I don’t consider myself a deep SEO expert, and I know many marketers (let alone business owners) feel completely lost when they try to read about title tags, canonical links and more.
But you really don’t need to understand SEO to rank well on Google. Sure, you can employ the latest SEO strategies and hire a great consultant or firm to help you get and stay at the top of Google. But many of Google’s latest, most significant updates boil down to one thing – relevance. And that means by focusing on a few simple, common sense things, you can find your content ranking and staying high on Google (and driving you some great traffic) without knowing much if anything about SEO.
Focus on great content
Produce content regularly that your customers care about. Write, produce videos, get others to guest-create content for you. Make good content and watch what people react to. It’s more complicated than that, of course, but it’s also really that simple.
Don’t worry as much about all the tools
It definitely pays to use tools such as Wordtracker, Optify and others to scientifically choose the right keywords to use in your posts, as well as ensure your “keyword density” is at the right ratios. But if you don’t have time or don’t have access, keep one thing in mind. Focus on topics related to customer pain, problems, outcomes and objectives. Create less content about solutions directly. Most of your competitors are writing content about their solutions and those “most desirable” keywords. Fewer are creating content about the originating context your customers start with, and the outcomes they’re seeking. But these are the keywords your customers use most often.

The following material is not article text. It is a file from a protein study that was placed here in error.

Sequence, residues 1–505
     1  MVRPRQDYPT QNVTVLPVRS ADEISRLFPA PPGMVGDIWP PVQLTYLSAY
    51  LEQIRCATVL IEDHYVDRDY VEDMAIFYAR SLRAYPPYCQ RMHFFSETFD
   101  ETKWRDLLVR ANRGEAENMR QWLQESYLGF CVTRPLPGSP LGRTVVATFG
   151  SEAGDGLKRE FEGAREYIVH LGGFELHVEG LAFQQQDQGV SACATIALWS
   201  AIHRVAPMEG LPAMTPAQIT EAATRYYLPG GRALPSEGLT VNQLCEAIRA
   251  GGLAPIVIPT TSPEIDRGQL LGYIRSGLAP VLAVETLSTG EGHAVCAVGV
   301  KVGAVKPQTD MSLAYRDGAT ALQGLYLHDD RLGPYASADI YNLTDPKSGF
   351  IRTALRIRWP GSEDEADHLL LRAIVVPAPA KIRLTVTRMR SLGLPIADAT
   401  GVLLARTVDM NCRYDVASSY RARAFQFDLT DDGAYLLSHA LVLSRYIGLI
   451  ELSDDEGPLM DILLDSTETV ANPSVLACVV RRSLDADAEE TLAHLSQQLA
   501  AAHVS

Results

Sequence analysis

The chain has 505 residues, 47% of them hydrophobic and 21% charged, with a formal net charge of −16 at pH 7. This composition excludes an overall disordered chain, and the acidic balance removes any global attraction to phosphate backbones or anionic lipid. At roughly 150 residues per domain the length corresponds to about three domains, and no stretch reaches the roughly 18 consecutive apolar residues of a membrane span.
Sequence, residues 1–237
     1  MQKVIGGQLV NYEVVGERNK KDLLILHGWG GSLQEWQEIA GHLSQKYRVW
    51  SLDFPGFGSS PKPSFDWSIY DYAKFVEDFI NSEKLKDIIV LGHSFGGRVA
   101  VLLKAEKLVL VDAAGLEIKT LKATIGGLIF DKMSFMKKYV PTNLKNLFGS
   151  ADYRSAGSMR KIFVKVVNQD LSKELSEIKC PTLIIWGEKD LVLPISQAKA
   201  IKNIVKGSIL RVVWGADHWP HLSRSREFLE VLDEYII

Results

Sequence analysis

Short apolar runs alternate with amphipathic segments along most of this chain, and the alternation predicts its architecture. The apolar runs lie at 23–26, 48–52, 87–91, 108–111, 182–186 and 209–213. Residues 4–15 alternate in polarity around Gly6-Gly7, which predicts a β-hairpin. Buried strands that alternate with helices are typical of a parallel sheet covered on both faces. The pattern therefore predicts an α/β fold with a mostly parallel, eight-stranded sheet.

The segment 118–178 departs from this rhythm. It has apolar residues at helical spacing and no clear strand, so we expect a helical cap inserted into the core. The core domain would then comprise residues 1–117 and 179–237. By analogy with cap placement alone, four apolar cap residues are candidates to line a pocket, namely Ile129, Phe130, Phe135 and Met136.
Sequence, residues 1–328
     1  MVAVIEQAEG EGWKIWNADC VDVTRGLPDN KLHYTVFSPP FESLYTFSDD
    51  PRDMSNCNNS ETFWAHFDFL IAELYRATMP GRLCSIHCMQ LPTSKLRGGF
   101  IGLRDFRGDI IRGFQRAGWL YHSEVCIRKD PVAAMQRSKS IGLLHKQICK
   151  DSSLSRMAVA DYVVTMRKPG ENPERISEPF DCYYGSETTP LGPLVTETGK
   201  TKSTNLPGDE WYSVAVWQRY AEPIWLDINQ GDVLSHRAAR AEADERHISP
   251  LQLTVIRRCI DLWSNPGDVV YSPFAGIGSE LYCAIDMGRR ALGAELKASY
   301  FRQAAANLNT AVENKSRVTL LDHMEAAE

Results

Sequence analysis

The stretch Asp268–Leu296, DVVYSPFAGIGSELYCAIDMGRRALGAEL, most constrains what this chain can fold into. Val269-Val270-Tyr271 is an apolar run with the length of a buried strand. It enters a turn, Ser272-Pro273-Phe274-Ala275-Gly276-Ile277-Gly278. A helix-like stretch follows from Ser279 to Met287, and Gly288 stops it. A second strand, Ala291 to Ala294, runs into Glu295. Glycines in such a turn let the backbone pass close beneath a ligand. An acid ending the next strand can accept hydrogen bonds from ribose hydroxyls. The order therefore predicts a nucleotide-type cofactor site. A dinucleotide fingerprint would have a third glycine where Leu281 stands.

Listen to your customers
What are they talking about? What topics are showing up more often on the discussion forums and conference agendas? These topics are more likely to be relevant right now. Create content for these topics before others get there, and as search volume increases you’re more likely to get a greater share of the traffic.
Look at your data
Notice any themes? Do you get more traffic or retweets when you write about one theme vs. another? Do certain posts generate a little less traffic but better quality visits and higher conversions via your lead forms? As you produce more and more content, your metrics will be a proxy of what’s working and what you should continue to create more of.
Look at your competitors
There are two ways to approach this. One, use their editorial calendar (implied based on what they’re creating themselves) to draft off of what’s working. Two, based on your insights from the above efforts, hit ’em where they ain’t.
Focus on your social relationships
Social and SEO are becoming more and more intertwined. So it’s more important now than ever before to increase your social activity and following, but also increase interaction between your social networks and your content. Find those with high-influence followers and high Klout scores, and focus on driving more engagement with them.